Long-term quality of life after posterior cervical foraminotomy for radiculopathy. Clinical neurology and neurosurgery Faught, R. W., Church, E. W., Halpern, C. H., Balmuri, U., Attiah, M. A., Stein, S. C., Dante, S. J., Welch, W. C., Simeone, F. A. 2016; 142: 22-25


Cervical radiculopathy may cause symptoms and loss of function that can lead to a significant reduction in health related quality of life (HRQOL). As part of a comprehensive review of long-term outcomes, we examined HRQOL in a large cohort of patients undergoing posterior cervical foraminotomy (FOR) for radiculopathy.338 patients who underwent FOR between 1990 and 2009 participated in a telephone interview designed to measure symptomatic and functional improvements following surgery. We also administered the EQ-5D, a standardized tool for assessing HRQOL. We analyzed this data for associations between patient and treatment characteristics, improvements in symptoms and function, and HRQOL as measured by the EQ-5D.Mean follow-up was 10.0 years. The average EQ-5D at follow-up was 0.81±0.18, and improvements in pain, weakness and function as well as ability to return to work correlated with improved EQ-5D score (p<0.0001). There was no correlation between length of follow-up and EQ-5D score (p=0.980). Additionally, there was no difference between mean EQ-5D score for soft disc versus osteophyte pathology (0.84 versus 0.81, p=0.21).These data provide evidence that FOR for cervical radiculopathy is associated with improved HRQOL at long-term follow-up. The lack of correlation between length of follow-up and HRQOL suggests that FOR is a durable treatment option. Moreover, FOR is associated with improved HRQOL whether radiculopathy is due to soft disc or osteophyte pathology.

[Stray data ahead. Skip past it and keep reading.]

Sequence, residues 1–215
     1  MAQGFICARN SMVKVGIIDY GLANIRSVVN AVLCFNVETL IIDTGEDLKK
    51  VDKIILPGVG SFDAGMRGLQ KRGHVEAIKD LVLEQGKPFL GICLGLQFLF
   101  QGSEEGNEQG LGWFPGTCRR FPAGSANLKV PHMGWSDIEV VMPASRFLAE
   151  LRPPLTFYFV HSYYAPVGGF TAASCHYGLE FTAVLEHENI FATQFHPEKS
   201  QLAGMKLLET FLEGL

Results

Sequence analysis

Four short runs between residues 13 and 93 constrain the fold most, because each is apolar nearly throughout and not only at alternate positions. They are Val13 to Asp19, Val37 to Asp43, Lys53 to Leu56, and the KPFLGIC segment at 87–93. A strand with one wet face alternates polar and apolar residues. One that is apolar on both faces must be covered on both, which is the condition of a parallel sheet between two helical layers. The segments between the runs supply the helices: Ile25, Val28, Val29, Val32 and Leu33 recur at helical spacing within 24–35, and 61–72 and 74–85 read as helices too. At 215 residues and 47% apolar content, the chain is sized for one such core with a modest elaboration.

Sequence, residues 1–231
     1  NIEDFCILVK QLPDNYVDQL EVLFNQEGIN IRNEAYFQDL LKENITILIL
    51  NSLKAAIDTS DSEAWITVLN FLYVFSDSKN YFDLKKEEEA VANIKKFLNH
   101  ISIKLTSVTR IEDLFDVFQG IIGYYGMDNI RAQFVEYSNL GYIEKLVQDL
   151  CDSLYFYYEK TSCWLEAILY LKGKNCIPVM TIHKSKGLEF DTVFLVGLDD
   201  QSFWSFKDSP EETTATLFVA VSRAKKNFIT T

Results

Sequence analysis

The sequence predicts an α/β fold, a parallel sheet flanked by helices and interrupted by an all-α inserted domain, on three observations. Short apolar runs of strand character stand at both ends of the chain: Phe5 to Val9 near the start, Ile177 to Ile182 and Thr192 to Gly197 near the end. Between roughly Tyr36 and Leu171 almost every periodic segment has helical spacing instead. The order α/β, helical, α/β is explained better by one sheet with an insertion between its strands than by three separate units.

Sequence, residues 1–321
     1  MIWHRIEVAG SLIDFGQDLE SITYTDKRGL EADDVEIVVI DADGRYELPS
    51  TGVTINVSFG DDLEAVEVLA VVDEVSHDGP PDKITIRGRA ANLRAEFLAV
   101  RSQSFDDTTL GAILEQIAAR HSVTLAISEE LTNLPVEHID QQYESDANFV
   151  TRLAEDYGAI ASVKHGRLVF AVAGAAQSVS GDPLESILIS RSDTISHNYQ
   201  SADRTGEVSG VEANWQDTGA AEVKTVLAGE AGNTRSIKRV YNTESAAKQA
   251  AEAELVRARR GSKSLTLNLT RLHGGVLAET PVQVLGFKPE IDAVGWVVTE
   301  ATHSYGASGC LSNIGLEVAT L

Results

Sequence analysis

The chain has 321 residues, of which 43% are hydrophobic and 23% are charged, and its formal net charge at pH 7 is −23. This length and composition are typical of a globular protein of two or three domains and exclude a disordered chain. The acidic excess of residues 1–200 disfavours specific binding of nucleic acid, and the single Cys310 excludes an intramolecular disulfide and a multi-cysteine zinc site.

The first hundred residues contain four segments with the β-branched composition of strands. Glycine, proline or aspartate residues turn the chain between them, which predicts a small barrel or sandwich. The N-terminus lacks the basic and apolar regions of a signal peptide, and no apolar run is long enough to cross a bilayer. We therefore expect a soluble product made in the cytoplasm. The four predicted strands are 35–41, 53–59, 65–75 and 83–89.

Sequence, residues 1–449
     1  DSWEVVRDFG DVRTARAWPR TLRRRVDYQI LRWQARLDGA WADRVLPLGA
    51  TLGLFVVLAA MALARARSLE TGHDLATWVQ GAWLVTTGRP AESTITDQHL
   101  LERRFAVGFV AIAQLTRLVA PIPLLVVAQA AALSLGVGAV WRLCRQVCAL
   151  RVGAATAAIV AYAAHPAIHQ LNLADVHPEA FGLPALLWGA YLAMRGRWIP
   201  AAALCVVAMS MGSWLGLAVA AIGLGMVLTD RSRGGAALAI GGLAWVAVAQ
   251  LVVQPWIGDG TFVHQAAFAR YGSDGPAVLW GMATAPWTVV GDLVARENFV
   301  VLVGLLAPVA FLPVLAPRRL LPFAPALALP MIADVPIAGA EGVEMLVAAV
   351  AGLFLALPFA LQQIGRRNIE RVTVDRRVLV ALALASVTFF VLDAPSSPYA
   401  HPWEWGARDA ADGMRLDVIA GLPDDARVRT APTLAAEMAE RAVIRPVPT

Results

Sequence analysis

View details for DOI 10.1016/j.clineuro.2016.01.013

View details for PubMedID 26802616